Mark: Quoted by Polycarp. The Two Source Hypothesis and the Farrer Hypothesis claim Mark was quoted by Matthew and Luke.

Luke: Quoted by Ignatius, Polycarp, and 1 Timothy. May be used by 1 Clement as well.

John: No clear surviving quotations from the Apostolic Fathers

Acts: Quoted by Clement, Ignatius, and Polycarp

Romans: Quoted by Clement, Ignatius, and Polycarp

1 Corinthians: Quoted by Clement, Ignatius, and Polycarp. Very explicitly discussed in 1 Clement

2 Corinthians: Quoted by Polycarp; inferred by 1 Clement

Galatians: Quoted by Polycarp

Ephesians: Quoted by Clement, Ignatius, and Polycarp

Philippians: Quoted by Polycarp

Colossians: Quoted by Ignatius

1 Thessalonians: Quoted by Ignatius & Polycarp

2 Thessalonians: Quoted by Polycarp

1 Timothy: Quoted by Polycarp; probably quoted by 1 Clement

2 Timothy: Quoted by Polycarp

Titus: Quoted by Clement

Philemon: No clear surviving quotations from the Apostolic Fathers

Hebrews: Quoted extensively by Clement; quoted by Polycarp

James: Allusion in 1 Clement

1 Peter: Quoted by Polycarp

2 Peter: Allusion in 1 Clement

1 John: Quoted by Polycarp

2 John: No clear surviving quotations from the Apostolic Fathers

3 John: Allusion in Polycarp

Jude: No clear surviving quotations from the Apostolic Fathers

Revelation: Possible allusion in 1 Clement

Compilations of the relevant quotations including specific verses can be found here and here.


What about Philemon?

Although there are no known quotations of Philemon prior to Tertullian, Philemon is solidly attributed to Paul by both conservative and liberal scholars. Paul died sometime between the fire of Rome (July of 64) and the death of Nero (June of 68), putting Philemon firmly in the 1st Century.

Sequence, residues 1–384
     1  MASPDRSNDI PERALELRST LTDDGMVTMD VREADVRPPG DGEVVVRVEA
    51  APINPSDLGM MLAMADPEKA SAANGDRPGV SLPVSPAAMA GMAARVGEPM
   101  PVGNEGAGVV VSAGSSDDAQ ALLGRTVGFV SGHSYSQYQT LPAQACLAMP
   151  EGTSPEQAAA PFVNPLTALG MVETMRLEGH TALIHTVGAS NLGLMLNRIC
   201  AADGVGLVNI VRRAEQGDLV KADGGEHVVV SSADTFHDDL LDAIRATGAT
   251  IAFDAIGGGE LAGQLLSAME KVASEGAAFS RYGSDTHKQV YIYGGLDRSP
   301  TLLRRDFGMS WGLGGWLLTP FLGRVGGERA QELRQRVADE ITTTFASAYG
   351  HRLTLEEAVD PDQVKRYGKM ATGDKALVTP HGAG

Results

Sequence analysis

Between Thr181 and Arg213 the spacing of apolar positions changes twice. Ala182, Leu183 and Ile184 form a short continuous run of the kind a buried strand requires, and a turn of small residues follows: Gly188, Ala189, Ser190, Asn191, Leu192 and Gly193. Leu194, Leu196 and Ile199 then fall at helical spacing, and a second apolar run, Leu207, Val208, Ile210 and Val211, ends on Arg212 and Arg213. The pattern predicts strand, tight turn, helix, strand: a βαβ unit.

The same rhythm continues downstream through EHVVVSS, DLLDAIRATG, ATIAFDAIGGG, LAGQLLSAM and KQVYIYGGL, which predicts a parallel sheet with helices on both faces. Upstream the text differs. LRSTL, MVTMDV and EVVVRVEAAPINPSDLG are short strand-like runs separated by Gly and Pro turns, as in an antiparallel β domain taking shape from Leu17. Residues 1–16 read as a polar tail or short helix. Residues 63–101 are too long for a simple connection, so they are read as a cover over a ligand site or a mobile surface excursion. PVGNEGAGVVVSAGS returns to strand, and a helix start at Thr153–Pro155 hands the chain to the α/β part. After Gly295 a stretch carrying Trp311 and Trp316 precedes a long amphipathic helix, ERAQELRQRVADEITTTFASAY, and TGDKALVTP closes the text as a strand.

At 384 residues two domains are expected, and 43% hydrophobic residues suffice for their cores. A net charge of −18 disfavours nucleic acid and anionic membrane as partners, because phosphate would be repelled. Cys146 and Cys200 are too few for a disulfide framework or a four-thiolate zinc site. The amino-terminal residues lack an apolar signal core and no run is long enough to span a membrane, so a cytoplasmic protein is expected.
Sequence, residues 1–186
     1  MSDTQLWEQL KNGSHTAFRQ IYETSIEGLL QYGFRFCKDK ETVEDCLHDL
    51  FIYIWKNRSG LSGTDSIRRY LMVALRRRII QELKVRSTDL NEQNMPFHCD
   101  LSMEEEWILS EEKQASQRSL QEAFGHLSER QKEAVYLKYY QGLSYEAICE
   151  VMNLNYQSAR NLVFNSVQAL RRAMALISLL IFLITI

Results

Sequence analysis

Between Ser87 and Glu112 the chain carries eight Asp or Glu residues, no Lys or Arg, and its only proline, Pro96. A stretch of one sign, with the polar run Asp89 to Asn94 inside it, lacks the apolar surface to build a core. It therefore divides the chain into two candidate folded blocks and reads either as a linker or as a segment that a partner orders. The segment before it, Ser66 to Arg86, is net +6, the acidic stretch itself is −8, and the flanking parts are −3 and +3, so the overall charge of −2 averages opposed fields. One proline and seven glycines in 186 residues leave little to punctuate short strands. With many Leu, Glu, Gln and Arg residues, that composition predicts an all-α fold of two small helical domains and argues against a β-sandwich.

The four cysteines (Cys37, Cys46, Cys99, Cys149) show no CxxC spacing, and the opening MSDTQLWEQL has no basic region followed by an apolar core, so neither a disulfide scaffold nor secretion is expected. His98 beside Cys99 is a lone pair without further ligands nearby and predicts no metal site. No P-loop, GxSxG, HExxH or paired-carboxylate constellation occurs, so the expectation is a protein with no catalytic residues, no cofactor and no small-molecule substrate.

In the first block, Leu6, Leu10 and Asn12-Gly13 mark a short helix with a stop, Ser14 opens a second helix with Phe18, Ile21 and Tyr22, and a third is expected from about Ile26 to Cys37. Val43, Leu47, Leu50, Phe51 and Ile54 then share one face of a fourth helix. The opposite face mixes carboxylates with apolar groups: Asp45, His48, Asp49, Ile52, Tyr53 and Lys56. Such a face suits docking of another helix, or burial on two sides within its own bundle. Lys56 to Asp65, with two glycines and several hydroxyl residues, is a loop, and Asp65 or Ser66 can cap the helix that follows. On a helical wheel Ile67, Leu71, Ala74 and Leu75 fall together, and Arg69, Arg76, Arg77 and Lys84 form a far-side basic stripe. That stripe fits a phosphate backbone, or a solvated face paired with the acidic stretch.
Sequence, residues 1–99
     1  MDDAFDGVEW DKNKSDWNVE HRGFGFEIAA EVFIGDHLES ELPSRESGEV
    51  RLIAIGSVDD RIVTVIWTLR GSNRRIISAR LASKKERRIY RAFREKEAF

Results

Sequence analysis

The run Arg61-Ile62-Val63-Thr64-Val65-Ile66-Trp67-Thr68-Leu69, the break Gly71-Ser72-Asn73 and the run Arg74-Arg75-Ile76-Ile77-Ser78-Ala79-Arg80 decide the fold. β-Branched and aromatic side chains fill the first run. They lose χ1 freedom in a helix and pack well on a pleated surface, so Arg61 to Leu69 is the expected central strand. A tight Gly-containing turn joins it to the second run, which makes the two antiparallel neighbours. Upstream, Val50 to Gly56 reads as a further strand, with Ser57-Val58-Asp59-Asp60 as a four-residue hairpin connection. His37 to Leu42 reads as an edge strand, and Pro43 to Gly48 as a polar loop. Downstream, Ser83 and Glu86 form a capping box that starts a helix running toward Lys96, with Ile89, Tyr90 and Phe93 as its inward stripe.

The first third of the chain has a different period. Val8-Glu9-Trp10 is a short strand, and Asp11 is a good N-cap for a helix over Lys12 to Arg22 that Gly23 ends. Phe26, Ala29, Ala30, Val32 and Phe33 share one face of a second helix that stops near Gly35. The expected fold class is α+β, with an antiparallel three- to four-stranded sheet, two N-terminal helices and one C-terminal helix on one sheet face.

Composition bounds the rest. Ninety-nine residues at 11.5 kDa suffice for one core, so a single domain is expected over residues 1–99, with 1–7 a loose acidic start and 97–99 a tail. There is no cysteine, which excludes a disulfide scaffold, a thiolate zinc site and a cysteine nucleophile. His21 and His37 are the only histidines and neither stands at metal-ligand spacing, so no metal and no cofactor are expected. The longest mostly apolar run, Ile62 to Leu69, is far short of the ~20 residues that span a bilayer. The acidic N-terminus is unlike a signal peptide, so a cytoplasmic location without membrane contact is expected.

P52 is the earliest known surviving manuscript of the New Testament. It was found in Egypt and dates to approximately the year 125. It would have taken some time for the Gospel of John to have made its way to Egypt, suggesting it was written well before that date.


Revelation is explicitly attested as a 1st century document by Irenaeus and implicitly by Justin as well. Irenaeus, as a student of one of John’s disciples, was in a good position to know who wrote it.


With his emphatic stance on relying on material handed down by the apostles, Irenaeus was unlikely to quote as scripture something that was written in his lifetime. This is not as solid a claim for 1st Century authorship as the quotations by Clement, Ignatius, and Polycarp, but it is a real problem for late dates of New Testament documents. Irenaeus quotes every book of the New Testament except Philemon, 2 Peter, 3 John, and Jude.

External summary

That gives us external evidence for every New Testament document dating to the 1st century (most of them definitely, some of them probably) except the epistle of Jude.


Internal evidence

AD 70

Never in the New Testament is the destruction of Jerusalem and its temple (AD 70) mentioned as something that has already happened. Eminent New Testament scholar John AT Robinson used this data, and a veritable treasure trove of inquiry into other relevant scholarship, to suggest that every New Testament document was likely written no later than 70. His seminal work on the subject is available online here.

Matthew & Hebrews provide arguments that don’t really work if the temple has been destroyed. (see Matthew 17: 24-27, Hebrews 10:2)


Several books of the New Testament, mostly especially Matthew, Hebrews, James, and Jude, are written to people who are simultaneously Jewish and Christian. This was common in the first generation after Easter and become increasingly uncommon thereafter. Judaism & Christianity decisively separated into distinct religions during the Flavian era (70s-90s), meaning the audience presupposed by these documents did not exist in the 2nd Century, and they should thus be dated to the 1st.


A deep dive on the Gospels

(This is the boring part you can skip) I am in the process of creating a series on the writing of the Gospels, which has bearing on this question. It firmly puts the writing of the Gospels in the 1st Century. If you are interested in my research, you can find it here.



There will probably always be skeptics with an axe to grind, but if we stick with the evidence, we can pretty solidly claim that most, if not all, of the books of the New Testament were written in the 1st Century.